This review may contain spoilers. I can handle the truth.
Lindsey Otts’s review published on Letterboxd:
This review may contain spoilers.
I can't really rate this right now, as I feel that it's one that I'll have to think on more but I can say I liked it.
The performances, as most people probably know, are fantastic. Rowlands is the one most spoken of, as the lonely housewife whose mental health is questionable, but Peter Falk gives an almost equally as compelling performance as the masculine, aggressive husband who is embarrassed by his wife's behavior.
I think the film says something about society's reaction to mental illness and especially mental illness in women, as throughout the film Rowlands is constantly subject to those around her telling her she is crazy, yelling at her, and ultimately making things worse by doing so.
She is chastised by her husband and his mother for not making normal small talk at parties and seeming very aloof when around guests.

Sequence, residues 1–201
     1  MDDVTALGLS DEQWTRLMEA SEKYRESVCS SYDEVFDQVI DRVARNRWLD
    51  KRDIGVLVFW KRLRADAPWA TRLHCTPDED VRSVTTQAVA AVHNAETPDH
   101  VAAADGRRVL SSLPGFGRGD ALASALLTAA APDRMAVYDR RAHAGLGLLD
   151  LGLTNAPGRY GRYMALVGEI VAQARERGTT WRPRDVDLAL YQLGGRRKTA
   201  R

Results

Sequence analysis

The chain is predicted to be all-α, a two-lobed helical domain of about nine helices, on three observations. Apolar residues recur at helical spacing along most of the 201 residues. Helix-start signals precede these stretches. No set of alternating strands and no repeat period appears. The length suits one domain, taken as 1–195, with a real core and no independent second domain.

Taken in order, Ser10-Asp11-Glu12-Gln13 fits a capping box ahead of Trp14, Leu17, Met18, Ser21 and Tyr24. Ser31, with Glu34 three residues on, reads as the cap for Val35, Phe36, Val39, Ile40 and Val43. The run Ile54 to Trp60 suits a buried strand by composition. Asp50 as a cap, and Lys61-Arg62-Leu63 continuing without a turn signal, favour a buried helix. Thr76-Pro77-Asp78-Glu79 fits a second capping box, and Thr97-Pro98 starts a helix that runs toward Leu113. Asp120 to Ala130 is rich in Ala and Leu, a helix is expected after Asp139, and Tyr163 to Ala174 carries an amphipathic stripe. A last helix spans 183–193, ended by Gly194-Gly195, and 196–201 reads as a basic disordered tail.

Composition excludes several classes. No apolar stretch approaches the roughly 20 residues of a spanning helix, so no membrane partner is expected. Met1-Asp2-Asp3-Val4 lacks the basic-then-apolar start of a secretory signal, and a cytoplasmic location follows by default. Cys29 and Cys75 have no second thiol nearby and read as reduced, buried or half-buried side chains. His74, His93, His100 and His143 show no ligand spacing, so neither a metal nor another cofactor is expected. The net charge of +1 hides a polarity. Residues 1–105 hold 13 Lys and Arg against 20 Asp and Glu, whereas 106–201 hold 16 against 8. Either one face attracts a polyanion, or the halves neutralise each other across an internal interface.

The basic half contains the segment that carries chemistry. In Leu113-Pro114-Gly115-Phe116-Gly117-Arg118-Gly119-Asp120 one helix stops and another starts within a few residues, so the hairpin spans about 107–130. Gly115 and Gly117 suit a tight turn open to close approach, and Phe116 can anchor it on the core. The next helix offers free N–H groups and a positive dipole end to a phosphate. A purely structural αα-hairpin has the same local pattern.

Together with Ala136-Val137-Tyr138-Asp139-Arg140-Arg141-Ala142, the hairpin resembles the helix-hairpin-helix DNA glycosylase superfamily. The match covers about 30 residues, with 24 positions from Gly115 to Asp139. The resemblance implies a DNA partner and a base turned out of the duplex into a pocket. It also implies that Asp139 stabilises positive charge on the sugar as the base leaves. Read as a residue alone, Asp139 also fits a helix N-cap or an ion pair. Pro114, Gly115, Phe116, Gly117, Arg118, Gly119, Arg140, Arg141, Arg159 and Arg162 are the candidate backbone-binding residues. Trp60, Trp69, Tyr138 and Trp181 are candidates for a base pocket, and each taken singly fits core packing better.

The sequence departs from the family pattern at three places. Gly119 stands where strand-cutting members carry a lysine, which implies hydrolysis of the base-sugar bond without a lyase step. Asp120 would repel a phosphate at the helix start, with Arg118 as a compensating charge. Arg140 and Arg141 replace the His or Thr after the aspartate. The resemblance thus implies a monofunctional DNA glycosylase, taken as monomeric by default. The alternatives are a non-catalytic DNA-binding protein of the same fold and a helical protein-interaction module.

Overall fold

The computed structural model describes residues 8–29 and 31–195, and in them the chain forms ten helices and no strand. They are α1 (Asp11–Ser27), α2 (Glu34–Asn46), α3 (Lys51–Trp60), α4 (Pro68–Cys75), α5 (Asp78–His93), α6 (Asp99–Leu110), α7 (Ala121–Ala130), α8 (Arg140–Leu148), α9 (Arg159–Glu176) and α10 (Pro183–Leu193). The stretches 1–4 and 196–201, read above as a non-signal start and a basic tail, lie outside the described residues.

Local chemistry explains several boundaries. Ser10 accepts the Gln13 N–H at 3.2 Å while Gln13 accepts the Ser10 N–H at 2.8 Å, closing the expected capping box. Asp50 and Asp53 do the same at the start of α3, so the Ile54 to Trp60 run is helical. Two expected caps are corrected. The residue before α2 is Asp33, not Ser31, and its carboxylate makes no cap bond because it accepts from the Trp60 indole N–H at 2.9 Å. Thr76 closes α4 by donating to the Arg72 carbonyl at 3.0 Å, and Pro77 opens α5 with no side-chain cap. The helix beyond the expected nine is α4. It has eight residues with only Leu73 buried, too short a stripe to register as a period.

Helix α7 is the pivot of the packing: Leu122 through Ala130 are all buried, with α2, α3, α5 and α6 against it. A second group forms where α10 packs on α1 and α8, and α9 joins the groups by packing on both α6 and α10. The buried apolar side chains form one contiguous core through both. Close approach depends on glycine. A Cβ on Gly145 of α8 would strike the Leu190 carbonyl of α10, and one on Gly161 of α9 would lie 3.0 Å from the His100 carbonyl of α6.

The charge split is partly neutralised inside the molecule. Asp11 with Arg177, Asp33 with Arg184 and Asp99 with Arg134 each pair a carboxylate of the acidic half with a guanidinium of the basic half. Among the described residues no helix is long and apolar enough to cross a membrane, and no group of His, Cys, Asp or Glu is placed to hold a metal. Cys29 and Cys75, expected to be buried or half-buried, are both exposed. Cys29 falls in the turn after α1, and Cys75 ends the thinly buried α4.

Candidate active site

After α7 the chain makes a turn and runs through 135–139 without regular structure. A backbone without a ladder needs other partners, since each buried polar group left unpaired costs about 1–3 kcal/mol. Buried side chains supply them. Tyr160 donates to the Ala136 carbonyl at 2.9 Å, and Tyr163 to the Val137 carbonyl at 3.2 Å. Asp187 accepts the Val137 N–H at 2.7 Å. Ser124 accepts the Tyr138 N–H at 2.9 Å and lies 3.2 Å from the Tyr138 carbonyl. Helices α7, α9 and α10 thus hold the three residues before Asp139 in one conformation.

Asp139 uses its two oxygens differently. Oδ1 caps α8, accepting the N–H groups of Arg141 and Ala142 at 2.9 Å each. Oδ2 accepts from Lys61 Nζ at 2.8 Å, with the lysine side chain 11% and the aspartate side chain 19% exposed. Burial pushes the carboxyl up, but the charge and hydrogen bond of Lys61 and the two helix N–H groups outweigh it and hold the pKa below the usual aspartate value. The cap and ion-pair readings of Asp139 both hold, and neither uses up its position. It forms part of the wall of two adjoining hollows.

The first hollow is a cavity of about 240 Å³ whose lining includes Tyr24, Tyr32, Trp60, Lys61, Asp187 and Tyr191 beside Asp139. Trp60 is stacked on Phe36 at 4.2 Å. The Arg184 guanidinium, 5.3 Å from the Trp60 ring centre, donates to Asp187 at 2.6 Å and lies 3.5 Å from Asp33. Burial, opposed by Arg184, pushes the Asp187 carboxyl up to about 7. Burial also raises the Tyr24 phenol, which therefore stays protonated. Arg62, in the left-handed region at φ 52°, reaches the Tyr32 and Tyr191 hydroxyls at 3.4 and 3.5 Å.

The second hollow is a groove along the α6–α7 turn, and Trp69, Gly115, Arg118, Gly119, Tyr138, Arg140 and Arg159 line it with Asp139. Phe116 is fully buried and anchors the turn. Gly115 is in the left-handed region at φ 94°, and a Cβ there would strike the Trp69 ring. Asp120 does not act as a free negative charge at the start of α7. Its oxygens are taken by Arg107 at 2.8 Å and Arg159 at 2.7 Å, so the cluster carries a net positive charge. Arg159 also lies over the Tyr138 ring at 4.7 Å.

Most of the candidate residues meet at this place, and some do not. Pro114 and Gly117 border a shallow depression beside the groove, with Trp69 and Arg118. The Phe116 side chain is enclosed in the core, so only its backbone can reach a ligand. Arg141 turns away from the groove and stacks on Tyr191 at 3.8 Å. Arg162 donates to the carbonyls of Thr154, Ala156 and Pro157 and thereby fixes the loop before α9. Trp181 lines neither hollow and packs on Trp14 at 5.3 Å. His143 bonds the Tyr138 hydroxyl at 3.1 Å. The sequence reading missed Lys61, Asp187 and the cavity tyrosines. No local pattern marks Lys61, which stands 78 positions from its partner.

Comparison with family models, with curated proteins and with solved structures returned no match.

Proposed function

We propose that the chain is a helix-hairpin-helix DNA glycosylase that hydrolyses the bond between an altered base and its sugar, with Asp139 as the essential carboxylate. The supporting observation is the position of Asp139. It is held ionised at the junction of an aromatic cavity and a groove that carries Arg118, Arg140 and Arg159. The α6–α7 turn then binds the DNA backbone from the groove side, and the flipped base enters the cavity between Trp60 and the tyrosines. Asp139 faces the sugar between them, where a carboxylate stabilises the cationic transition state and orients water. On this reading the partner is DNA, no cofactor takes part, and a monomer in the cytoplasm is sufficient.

It's obvious she needs some sort of care that no one really wants to give her, and it's pretty heartbreaking even if the film doesn't really truly delve into what happens while she is away.
It's a film that I think is an interesting depiction of mental illness in general, if not specific.
The one real complaint I have is that at times the film feels meandering. One can attribute this to Cassavetes' style I supposed, though I haven't seen any of his other work yet. Nevertheless, I know why people rate this so highly and have yet to come up with my own score as I think of it.